Bowl of fruit

Is food the thief of time? Nutrition and work

We are what we eat. The food we consume is fuel for not just our bodies, but also our brains.

A good diet is therefore not just good for our physical health — it can also boost productivity, cognitive performance, mental health and sleep.

For this reason, employers can benefit from taking an interest in supporting employees to make healthy dietary choices. Here’s why that’s important and how employers can help.

Water, water everywhere

Dehydration can have a detrimental impact on cognitive performance and even mood.

That makes it incredibly important to top up your fluid levels, with the NHS recommending between 6 to 8 cups of fluid a day. It doesn’t just have to be water though — lower-fat milk, sugar-free drinks and even tea and coffee count (although be aware that caffeine can make the body produce urine more quickly, reducing hydration).

All employers must provide employees access to clean drinking water under the Workplace (Health, Safety and Welfare) Regulations 1992. However, offering something simple beyond tap water like a dispenser for chilled water and reusable bottles, or going a step up and offering a vending machine with healthy hydration choices, could be a cheap way to encourage employees to drink more and improve cognitive function.

The risks of excess caffeine consumption

In moderation, caffeine consumption can have numerous health benefits, including reducing mortality from coronary heart disease, stroke, diabetes and kidney disease. It can also reduce the likelihood of developing heart failure, Parkinson’s disease, colorectal cancer and Alzheimer’s disease.

Billions of people around the world use caffeine as a pick-me-up, whether it’s first thing in the morning or to increase alertness and concentration.

However, the key is moderation. As well as increasing urine production and therefore potentially dehydration, too much caffeine can cause headaches, increased heart rate, insomnia, raised blood pressure and fatigue (from the caffeine crash when the hit wears off). Few of these are good for workplace productivity.

Encouraging employees to consume caffeine in moderation can therefore be beneficial. As well as traditional tea and coffee, consider supplying decaffeinated alternatives, hot chocolate or herbal teas as well.

Riding the sugar rollercoaster

Spikes and drops in blood sugar throughout the day are not good for productivity or the brain.

Rather than experiencing a blood sugar crash just before lunch — especially if an employee has skipped breakfast — try making it easier to graze throughout the day on healthy snacks.

Wholegrains, nuts and vegetables are all good options to eat throughout the day to maintain a stable blood glucose.

Not only can this help maintain productivity in the short-term on a day-to-day basis, but reducing excess sugar consumption can also lead to long-term productivity gains thanks to lower incidences of obesity and associated conditions such as type 2 diabetes and heart disease.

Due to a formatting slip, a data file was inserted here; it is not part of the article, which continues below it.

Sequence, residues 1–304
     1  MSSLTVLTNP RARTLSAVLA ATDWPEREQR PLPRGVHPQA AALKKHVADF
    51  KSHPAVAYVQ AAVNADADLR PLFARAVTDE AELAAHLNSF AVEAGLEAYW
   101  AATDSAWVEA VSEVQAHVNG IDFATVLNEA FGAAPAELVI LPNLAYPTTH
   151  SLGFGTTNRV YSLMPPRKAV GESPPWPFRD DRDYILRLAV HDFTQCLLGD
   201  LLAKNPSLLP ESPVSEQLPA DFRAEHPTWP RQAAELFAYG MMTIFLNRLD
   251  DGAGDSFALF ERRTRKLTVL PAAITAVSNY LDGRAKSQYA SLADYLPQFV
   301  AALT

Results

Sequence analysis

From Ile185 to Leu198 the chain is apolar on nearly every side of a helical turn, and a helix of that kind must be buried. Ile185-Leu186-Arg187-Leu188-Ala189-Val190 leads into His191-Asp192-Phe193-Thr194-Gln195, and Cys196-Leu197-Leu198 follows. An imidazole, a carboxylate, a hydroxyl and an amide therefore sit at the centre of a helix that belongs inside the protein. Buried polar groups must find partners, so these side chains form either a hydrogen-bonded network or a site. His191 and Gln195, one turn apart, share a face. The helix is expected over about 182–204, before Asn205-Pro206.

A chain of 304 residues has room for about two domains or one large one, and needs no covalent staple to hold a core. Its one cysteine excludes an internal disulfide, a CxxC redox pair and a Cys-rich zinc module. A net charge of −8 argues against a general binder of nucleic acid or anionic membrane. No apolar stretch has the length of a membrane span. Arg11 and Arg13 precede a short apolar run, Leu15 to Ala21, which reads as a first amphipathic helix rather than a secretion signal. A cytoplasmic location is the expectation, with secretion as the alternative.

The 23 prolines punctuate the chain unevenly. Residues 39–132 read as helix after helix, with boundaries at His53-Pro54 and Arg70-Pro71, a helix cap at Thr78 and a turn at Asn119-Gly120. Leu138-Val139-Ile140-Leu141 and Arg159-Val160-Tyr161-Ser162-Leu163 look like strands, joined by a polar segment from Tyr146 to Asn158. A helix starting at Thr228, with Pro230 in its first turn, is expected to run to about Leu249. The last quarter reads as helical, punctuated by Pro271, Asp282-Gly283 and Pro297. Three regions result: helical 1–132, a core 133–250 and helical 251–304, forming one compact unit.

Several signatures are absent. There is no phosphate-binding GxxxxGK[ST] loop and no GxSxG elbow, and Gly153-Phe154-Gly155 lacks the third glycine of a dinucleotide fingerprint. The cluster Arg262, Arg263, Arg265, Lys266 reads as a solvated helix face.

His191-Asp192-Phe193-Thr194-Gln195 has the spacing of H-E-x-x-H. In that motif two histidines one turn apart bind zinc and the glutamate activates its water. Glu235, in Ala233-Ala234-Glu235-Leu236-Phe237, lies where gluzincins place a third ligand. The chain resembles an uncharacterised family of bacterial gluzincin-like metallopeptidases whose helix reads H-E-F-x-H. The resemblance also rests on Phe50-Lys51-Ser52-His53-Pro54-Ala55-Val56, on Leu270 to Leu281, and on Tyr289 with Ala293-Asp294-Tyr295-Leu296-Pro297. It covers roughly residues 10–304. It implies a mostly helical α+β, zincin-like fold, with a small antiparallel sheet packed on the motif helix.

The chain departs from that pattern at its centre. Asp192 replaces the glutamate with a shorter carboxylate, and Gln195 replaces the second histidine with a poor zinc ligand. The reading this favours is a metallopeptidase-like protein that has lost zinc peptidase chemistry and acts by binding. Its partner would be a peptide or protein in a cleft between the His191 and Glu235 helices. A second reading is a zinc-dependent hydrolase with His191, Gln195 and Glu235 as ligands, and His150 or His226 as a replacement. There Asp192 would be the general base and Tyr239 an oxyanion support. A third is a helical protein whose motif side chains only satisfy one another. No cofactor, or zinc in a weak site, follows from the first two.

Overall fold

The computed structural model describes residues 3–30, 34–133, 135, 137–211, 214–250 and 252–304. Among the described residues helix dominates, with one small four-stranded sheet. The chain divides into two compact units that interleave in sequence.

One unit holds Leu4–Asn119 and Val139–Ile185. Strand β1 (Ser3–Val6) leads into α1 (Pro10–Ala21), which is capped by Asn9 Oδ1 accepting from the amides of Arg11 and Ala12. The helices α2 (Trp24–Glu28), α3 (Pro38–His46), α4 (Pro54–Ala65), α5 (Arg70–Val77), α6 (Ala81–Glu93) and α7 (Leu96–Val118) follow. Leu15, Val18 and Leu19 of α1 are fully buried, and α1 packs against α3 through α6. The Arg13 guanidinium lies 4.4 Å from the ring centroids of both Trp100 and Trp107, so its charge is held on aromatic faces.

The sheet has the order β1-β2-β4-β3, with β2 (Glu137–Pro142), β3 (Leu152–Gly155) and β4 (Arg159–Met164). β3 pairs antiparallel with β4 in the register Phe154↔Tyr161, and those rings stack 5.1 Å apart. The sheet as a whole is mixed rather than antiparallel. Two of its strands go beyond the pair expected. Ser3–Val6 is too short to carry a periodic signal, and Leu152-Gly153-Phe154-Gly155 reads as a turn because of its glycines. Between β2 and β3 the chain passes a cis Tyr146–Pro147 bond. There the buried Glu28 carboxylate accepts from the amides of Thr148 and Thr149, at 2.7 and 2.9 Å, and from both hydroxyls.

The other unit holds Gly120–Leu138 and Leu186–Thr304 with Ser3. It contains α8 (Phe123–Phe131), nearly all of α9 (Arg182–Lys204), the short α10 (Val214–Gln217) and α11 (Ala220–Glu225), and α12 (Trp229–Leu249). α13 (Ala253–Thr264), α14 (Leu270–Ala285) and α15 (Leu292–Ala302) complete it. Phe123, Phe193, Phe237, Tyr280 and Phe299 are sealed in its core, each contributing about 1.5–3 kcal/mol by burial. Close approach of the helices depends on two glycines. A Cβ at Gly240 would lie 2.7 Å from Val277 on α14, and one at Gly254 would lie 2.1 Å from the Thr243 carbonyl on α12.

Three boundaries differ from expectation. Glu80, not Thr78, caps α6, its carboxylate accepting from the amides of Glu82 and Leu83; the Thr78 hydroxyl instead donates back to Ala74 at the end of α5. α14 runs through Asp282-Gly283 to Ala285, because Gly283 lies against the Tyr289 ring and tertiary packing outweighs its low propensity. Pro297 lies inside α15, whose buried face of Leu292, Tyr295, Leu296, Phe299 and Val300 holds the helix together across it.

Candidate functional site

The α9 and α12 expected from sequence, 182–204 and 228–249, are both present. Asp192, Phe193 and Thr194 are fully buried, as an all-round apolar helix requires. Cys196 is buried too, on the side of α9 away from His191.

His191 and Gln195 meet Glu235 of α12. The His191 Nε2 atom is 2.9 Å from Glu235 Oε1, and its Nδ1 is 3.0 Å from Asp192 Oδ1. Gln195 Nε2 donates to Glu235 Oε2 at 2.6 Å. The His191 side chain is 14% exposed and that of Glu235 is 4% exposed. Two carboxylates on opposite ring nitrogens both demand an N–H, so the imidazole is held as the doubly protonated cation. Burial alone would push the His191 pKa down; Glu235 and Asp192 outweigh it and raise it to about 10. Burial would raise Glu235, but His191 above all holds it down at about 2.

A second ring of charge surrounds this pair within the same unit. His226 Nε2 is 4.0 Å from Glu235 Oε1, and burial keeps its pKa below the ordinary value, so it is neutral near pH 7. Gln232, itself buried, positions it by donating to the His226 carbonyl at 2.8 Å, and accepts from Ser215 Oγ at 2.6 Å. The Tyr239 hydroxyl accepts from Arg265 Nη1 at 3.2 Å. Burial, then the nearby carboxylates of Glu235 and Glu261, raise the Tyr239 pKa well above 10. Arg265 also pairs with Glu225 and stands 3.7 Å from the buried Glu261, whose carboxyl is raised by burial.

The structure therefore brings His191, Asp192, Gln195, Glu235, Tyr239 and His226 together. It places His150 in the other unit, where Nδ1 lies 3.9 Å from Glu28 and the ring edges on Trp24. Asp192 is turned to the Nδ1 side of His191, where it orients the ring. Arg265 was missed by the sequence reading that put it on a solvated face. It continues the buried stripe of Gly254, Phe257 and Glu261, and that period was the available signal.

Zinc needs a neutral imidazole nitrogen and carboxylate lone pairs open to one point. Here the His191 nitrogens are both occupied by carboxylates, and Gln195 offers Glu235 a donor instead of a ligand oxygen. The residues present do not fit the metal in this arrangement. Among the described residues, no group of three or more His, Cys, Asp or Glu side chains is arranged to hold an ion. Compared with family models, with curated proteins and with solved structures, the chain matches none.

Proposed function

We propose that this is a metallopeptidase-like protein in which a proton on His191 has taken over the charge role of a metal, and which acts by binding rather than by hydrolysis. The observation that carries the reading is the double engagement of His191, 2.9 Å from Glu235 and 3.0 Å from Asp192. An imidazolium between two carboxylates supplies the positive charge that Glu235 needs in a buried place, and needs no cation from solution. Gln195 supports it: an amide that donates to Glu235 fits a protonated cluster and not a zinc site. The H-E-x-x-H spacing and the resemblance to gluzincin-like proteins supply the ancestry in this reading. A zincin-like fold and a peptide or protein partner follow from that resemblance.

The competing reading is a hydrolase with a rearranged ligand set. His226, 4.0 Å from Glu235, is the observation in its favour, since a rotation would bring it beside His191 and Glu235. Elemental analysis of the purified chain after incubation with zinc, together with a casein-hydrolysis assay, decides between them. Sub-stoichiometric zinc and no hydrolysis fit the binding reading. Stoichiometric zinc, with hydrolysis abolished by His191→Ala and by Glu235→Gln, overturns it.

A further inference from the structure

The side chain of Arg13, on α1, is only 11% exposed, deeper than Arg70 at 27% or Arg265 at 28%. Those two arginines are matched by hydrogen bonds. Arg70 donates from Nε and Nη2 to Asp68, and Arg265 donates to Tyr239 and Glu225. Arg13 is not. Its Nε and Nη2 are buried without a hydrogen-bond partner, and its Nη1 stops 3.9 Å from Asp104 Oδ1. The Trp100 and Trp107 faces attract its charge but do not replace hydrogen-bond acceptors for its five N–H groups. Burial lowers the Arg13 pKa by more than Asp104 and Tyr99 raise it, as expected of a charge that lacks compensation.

5-a-day keeps the blues away

We’ve all heard the importance of eating your five-a-day (although some nutritionists now recommend aiming for seven portions). However, fruit and vegetables are just one pillar of a healthy diet. 

Other important elements include protein. Protein is an important source of amino acids, which are the building blocks for brain chemicals that regulate thoughts and feelings. Meanwhile, good fats (e.g. fatty acids such as omega-3 and -6) are important to keep the brain working well. Such fats are found in oily fish, poultry, nuts, olive and sunflower oils, seeds (such as sunflower and pumpkin), avocados and eggs.

Overall, making healthy dietary choices can support mood and is linked with a reduction in mental ill health and an improvement in energy. This leads to happier, healthier employees.

Healthy diet, healthy body, healthy mind

In June 2022, to coincide with Healthy Eating Week, we’re running a free two-part webinar series open to all with dietician Amy Jones from Work Life Nutrition.

The first webinar covers the basics of healthy eating and is on June 14th at 11am. 

Register here

The second webinar delves a bit deeper, looking at the importance of nutrition to our moods. Amy will be back to lead on how maintaining a healthy, balanced diet can support good mental health on June 16th.

Register here

Meanwhile, for employees with access to our Employee Assistance Programme LifeWorks,1 there’s an array of information on diet, exercise and overall health tips to support making good nutrition choices.

A bad diet can be the thief of time, stealing away productivity. Encouraging employees to maintain a balanced diet can support workplace health and wellbeing, thereby improving productivity and lowering the risk of absenteeism and presenteeism to boot.

1 The Employee Assistance Programme is provided by LifeWorks. Access to the service is facilitated by Unum at no cost to the Unum customer. Unum is not the provider of the service but can withdraw or change the service at any time. The service is entirely separate from any insurance policy provided by Unum and is subject to the terms and conditions of the relevant third-party specialists. There is no additional cost or increase in premium as a result of Unum making this benefit available.

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